The name of this place is no lie. In the border town of Douglas, it appears to be the restaurant closest to Mexico. Conversations among staff and customers are in Spanish, and our Spanish is no better than their English, so when we stepped up to the counter, most of our ordering was done by pointing at the menu (which is bilingual).
Local tipster Patty Ortiz had directed us to Border Taco with the promise, “It’s like grandma is in the kitchen.” Believe me, my grandmother did not make tacos this delicious! (My grandmother probably never heard of a taco.) The list of potential ingredients is long, including beef tongue, beef head, beef rind, shrimp, and steak; and all are available in big burritos as well as modest-size tacos. Jane and I were especially fond of the smoky red carne adobada, the chile verde replete with vegetable flavor, the dark and beefy barbacoa. Fried shrimp were less impressive; like the chile relleno, their flavor was subdued.
Although Border Taco is located in an utterly boring mall (just yards away from a Taco Bell) and the spacious dining room is so clean it seems on the verge of being sterile, this is a restaurant with soul, not only in the food but in the ambience. Some of that ambience you actually can smell: menudo simmers, beef grills, roasted hot chilies sweeten the air. And décor actually is quite personal. On the wall hangs a portrait of a tricked-out Ford pickup truck. On the mantle, below the flat-screen TV, are portraits of people that we presume are the owner’s family. And not far away from that are glass bricks installed in the wall in the shape of a cactus.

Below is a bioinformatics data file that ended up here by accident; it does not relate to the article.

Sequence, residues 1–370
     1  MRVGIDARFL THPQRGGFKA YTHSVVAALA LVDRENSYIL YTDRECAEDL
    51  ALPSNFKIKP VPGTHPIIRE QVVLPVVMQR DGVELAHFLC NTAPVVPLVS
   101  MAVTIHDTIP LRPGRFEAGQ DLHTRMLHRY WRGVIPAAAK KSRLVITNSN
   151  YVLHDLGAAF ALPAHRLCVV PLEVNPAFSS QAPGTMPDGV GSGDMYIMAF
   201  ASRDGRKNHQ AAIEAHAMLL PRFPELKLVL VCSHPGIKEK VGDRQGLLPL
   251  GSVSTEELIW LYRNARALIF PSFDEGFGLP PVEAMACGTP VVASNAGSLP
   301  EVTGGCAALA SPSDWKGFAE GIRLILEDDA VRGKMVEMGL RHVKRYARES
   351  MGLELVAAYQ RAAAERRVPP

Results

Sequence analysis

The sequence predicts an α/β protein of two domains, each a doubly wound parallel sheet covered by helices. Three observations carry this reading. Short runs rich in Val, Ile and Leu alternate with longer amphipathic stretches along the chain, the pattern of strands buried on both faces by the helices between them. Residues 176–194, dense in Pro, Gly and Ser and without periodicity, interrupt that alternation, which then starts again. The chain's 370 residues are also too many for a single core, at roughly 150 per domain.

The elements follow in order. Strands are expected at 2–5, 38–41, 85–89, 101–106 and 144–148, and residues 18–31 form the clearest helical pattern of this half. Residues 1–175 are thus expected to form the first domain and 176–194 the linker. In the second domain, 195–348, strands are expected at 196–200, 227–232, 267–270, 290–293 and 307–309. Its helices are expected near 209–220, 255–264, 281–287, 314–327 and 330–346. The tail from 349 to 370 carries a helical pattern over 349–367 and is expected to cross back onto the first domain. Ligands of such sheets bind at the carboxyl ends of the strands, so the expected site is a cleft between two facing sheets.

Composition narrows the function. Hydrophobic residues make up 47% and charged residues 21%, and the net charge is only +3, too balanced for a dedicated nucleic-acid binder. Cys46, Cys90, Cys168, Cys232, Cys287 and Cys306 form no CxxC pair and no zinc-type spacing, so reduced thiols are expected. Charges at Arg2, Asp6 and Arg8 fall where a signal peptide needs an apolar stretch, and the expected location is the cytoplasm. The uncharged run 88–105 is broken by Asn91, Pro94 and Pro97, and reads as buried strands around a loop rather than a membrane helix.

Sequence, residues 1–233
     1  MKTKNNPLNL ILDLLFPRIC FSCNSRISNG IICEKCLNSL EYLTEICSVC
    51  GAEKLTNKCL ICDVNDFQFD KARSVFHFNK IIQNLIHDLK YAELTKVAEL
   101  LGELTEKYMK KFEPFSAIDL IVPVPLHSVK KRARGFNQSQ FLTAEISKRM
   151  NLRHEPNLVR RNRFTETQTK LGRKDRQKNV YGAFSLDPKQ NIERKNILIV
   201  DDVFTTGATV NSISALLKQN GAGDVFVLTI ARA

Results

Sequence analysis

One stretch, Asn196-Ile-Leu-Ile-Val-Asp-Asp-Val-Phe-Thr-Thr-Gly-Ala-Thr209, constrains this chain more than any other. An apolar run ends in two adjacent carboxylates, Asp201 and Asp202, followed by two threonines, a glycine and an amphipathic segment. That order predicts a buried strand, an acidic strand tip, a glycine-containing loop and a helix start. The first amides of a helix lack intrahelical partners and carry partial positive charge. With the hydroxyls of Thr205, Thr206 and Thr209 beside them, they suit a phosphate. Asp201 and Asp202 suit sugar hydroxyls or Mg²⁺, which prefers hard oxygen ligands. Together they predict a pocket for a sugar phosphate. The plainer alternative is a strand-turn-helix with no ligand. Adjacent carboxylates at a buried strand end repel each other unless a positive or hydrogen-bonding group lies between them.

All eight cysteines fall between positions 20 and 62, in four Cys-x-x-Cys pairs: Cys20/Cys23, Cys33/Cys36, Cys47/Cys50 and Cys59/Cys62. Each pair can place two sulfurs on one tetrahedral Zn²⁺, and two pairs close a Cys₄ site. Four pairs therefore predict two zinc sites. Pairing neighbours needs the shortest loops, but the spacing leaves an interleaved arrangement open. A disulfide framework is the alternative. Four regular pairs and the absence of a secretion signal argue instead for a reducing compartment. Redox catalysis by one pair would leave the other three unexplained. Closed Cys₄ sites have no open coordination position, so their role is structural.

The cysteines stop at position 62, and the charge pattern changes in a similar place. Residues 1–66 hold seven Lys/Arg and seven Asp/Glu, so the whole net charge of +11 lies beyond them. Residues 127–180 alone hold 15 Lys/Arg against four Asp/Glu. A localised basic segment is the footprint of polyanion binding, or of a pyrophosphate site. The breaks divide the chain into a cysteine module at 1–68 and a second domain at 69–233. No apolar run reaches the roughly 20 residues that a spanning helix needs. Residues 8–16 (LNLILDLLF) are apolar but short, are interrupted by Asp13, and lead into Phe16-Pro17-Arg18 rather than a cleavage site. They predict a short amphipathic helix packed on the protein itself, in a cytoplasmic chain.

Diners who come as a foursome can avail themselves of a family platter (steak, chicken, shrimp, salad, chili, rice, beans, and tortillas) at under $10 per person.